Suddenly, reality dawned simultaneously with relief and I saw the full scene of which I was a part. Yes, I was sitting in a dark car with a dead battery. Yes, it was my fault. All at once, I realized the foolishness of my folly. I was simultaneously giddy with relief and guilt-stricken with embarrassment and regret. I had wrecked the car, or so I thought. How angry would my parents be at me now?
When my parents arrived at the car door, they didn’t say much. They just went straight about solving the dead battery problem. There were no hugs, and there were no tears. My father went walking off in the dark, in another direction, shaking his head and mumbling, and my mother sat and waited in the car with me. She talked about not catching the horses. Eventually my father returned in a pick-up truck driven by another man. They popped the hood, clipped on the cables and the old Chevy engine turned over, the lights shone, and the car came back to life. It was the only dead item resurrected on that dark Texas night. Then, we drove home.
How strange it was, I thought, that my parents made not even a glance in the direction of the cemetery. How could they be so unconcerned? They were some other kind of human animal, I guessed. I didn’t know how to describe the difference. I suspected it anyway. I heard it in the echoes of the sweet, longing harmonies and the voices of the girl singers that played on the car radio. They also were nothing like my parents.
I never knew how it happened, but eventually we removed our horses from the land and brought them back to town. I never saw the cemetery again. My heart broke, but only a small fissure opened. I was on my way somewhere else, chasing another phantom that would take me far away from my Texas childhood and my family. The acreage didn’t become ours and I was never told why. It was never discussed.
This is my last childhood memory in which comfort and understanding characterized the relationships in my small family. Soon afterward, the building would begin of the stony wall that divided us from one another. Those sweet songs were carrying me to a place my mother would see as evil. Her fears would become suspicion. Her suspicion would become anger and anger would become resentment, which would define her love for me for the remainder of her days. Our hearts would begin to harden toward one another, as though we both suffered from the insidious disease of scleroderma which transforms soft, pliable human tissue into hardened, boney structures, potentially attacking everything, even the human heart. We, ourselves, would become the fearful skeletons.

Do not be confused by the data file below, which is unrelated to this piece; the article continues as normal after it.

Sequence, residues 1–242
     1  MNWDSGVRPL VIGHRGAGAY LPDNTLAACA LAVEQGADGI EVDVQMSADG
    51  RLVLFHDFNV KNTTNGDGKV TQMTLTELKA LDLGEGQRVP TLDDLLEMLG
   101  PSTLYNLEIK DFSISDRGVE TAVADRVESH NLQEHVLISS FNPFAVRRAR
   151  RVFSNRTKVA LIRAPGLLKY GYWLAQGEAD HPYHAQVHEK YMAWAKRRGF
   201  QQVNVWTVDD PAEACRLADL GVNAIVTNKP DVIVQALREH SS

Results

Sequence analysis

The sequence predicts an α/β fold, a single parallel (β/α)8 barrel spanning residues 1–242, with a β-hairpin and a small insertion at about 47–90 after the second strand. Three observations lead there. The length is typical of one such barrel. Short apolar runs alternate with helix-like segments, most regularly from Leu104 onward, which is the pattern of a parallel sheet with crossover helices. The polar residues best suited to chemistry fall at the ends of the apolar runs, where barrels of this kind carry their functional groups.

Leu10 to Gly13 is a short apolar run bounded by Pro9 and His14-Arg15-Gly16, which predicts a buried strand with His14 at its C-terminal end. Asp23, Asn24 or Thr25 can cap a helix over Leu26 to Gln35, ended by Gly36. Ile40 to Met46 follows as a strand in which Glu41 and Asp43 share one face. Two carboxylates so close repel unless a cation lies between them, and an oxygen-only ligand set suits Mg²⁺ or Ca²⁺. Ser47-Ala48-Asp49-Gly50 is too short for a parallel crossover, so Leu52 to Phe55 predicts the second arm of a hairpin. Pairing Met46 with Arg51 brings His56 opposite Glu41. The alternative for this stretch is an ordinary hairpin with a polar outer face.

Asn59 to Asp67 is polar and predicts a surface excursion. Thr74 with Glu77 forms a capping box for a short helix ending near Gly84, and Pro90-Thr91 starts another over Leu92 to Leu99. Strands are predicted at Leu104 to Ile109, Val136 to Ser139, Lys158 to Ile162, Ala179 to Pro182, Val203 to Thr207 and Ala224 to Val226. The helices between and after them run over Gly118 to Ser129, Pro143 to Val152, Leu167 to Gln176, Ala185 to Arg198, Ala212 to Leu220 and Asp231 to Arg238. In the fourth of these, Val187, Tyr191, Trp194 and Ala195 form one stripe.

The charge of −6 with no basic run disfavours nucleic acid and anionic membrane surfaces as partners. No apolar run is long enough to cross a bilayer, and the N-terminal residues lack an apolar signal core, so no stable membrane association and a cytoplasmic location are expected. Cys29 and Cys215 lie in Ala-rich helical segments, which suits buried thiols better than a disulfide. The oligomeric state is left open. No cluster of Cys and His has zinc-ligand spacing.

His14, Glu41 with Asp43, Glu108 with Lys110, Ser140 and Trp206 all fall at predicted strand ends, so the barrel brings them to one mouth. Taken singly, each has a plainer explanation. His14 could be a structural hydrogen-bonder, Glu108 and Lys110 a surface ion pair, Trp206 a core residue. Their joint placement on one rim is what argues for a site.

My parents bodies lie side by side, under the ground, within a plot, in a beautiful, well-maintained cemetery which also holds the bodies of all the residents of the old family home. I am thankful they are there, together, although all life has moved on, and what remains is only dust and proteins, working their way back into the earth. My mother wanted to be buried in a pine box, but the laws wouldn’t allow it. She wanted to crawl with the worms and bloom with the dandelions. Children must find this manicured cemetery scary, and some day it will be an orphan too, or earth movers will disturb the carefully chosen burial boxes that hold all their bones, and relocate them.
I touched my father’s face, when he lay in his coffin, his body awaiting his funeral and burial. I found it cold and as hard as concrete. I knew then, with a deep sense of comfort that he was elsewhere, that he was gone. He is present in my memories, however, and in the way I understand my place on this earth. His walking cane hangs beside my desk. It steadied his gait after many falls from a stumbling horse that he loved too much to put down or out to pasture. I feel, on most days, that his love is here and his presence comforts me, sometimes subtly, sometimes with surprising clarity. There is no fear involved in these experiences.